Book Rating: ★★★★☆ (4 / 5 stars)
Sam Westing is dead. That much everyone knows. But, why did his will call for sixteen unsuspecting individuals to his house? And why is he saying they’re his heirs? The answers aren’t simple, and soon these sixteen people are thrown into a game trying to discover who murdered Sam Westing…and what is their connection to the strange millionaire?
I picked this up from a thrift store recently on a nostalgic intuition. Vaguely, in the back of my mind, I remember reading this in fourth grade. There were a few things I remembered about this book: it was a “who-done-it” type of mystery, riddled with clues and an interesting cast. This holds up even as I read it in my twenties. In fact, I would even go as far to say that I relate more to the hero, Turtle, now than I did at nine-years-old. Her fascination with the stock market relates to my own real-life career.
If memory serves correct, in my fourth grade class, we went through the clues together to solve the mystery. I started to do that on my own while reading this, but in the end got whisked away with the story. This is a great book for students to learn problem solving skills, while also enjoying a thrilling tale that encourages all parties to use their heads. With a hero like Turtle, little girls and boys will realize anything is possible with hard work.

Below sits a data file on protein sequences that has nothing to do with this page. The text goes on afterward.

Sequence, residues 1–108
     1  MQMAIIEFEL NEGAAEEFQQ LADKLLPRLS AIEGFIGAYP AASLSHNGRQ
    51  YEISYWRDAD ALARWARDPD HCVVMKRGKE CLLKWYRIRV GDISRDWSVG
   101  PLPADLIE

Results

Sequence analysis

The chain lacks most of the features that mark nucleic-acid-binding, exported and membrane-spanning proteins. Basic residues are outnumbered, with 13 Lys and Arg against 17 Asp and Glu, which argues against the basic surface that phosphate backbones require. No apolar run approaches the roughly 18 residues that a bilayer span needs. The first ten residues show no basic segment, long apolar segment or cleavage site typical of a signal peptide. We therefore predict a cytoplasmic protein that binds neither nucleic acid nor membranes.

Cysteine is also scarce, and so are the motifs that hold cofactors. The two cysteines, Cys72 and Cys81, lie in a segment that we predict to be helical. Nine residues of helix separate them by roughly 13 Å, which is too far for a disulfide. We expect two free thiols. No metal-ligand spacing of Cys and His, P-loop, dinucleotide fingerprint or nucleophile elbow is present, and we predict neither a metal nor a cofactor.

But, with all this being said, it is important to note that the book was written in the 1970s. There is some dated terminology in referring to different races as well as disabilities and genders. If you read it be, be wary of when this was written, and if your child reads it, make sure to have a conversation about how these terms are wrong today.
The story is written in a way that won’t necessarily appeal to everyone. It’s written like a puzzle, often hopping between different characters’ POVs, that takes a bit to get used to (at least for me). The authors takes on the “tell” rather than “show” mechanisms, something seen in some dated writing as well. I’m sure if this was written today, the narrative would have been different.
But, with all that said, I still had fun reliving a small part of my childhood. It’s definitely an inspiration for many “who-done-it” type of stories out there. While it might be dated, it is still worth the fun read.
What’s it about?
A bizarre chain of events begins when sixteen unlikely people gather for the reading of Samuel W. Westing’s will. And though no one knows why the eccentric, game-loving millionaire has chosen a virtual stranger—and a possible murderer—to inherit his vast fortune, one thing’s for sure: Sam Westing may be dead … but that won’t stop him from playing one last game!